How much energy can we recover from the H2? What happens if there is a transportation accident? Figuring that liquid H2, like pretty much everything, has a density of around that of water, and a tank car has a capacity of 34,500 gallons (ain't Google wonderful), we can estimate a weight of H2 per tanker car of 34,500X8.35/2000 = 144 tons of H2. How many cars per train? Perhaps 80, so estimate a train totes 11.5 kTon of H2. TNT, the standard for estimating things like nuclear weapons blasts, achieves most of its energy from chemical reactions involving rearranging its H, C, O, and N from a complicated organic molecule into a bunch of simpler ones. A reaction involving H2 will have a much greater energy density because we are weighing only the low-mass reagent, and we don't have to break any chemical bonds within the reagent. On the other hand, TNT reacts much more swiftly, whereas H2 must burn by the delivery of O2. So, let's estimate a roughly equivalent energy release if a transportation accident were to occur, although in actual controlled use we can probably get 4 to 5 times as much energy release as from an equivalent mass of TNT. Thus, a train can transport as much useful energy (controlled) as a few Hiroshima-size bombs, or as much as about half a Hiroshima-size bomb in accidental release. Surely no one would begrudge the transit of such a train through their home town? I would suggest re-engineering railroad beds to lie within a parabolic-cross section trench, located along the vertex line, such that the initial detonation from a rail accident would be focused and directed straight upwards until the retaining walls are destroyed, by which time most of the hydrogen will have been projected upwards to burn energetically, but non-explosively. You might also want to use smaller freight trains. Can't change the fact that bridges for roads must go over the rail lines. It would be much worse to put the rail line over the roadways, since you lose the ability to contain and control the blast in case of an accident.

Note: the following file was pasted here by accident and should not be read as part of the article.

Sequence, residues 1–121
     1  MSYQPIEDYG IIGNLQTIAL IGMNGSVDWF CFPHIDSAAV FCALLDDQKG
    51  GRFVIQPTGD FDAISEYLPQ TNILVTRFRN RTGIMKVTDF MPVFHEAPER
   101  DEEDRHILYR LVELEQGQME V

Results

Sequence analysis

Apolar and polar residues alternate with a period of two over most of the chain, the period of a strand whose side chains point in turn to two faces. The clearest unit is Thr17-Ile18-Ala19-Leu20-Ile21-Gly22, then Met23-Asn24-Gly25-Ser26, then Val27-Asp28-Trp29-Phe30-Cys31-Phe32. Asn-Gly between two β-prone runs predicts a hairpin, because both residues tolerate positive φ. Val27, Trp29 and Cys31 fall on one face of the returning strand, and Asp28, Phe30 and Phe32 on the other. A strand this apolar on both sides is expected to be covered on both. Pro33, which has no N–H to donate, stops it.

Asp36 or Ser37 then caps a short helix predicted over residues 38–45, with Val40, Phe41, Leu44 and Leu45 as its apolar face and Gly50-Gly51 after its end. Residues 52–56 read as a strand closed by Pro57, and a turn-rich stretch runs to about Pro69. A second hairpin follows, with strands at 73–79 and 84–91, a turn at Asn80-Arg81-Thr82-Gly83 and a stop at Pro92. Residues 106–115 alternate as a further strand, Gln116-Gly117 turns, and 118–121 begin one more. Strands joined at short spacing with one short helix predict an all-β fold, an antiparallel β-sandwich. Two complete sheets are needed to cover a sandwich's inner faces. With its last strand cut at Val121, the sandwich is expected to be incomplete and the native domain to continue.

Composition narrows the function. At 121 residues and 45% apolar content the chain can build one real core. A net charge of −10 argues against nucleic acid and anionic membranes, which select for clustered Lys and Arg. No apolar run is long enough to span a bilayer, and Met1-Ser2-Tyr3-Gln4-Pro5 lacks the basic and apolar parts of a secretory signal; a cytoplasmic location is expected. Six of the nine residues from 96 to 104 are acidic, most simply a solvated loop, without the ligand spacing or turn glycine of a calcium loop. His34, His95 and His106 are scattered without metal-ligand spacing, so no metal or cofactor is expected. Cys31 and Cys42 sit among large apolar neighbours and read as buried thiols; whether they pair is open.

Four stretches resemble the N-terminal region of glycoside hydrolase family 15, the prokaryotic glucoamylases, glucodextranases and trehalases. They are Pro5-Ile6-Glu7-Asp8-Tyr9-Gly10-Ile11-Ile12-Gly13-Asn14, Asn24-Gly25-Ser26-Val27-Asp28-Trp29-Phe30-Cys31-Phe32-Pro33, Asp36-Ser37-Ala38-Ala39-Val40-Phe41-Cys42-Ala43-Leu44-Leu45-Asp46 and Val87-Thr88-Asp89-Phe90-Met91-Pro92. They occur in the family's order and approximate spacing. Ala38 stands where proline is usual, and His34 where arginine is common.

Sounds like a plan! Make it so!

Posted by: ScienceTim | February 17, 2010 2:43 PM | Report abuse

airplains and cows...forgive my logical, fuzzy SCC

And, this snow report. This morning, the crust was sufficient to hold my entire weight...I did not fall through. Little doggie went crazy last night on the firm snow. But, she is a wee thing. I held too.

But, by midday, I fell through, trudging through snow to the garage.

Biking is tricky, like walking. No edge and must be in the lane. Cars honking....well, my goodness, we need all take chill pills....

Posted by: CollegeQuaParkian1 | February 17, 2010 2:43 PM | Report abuse

Just saw your comment, mo. In recent years CSX and Amtrak worked out some of their differences, and the AutoTrain generally gets priority now, so it's about the same as driving straight through. Before that, yes, it was awful. From what I've heard, that is typical of the rest of the Amtrak system, though. The freight railroads usually don't give Amtrak the priority (after all, it is their track), so they can end up sitting for long periods of time.

Posted by: MoftheMountain | February 17, 2010 2:44 PM | Report abuse

MotM: Here's the thing about taking the train from The Windy City to Glacier Nat'l Park.

First, there's Union Station. It's one of the most unfriendly depots in the country. Old, dirty, not connected to the city subway system, and hard to navigate with luggage.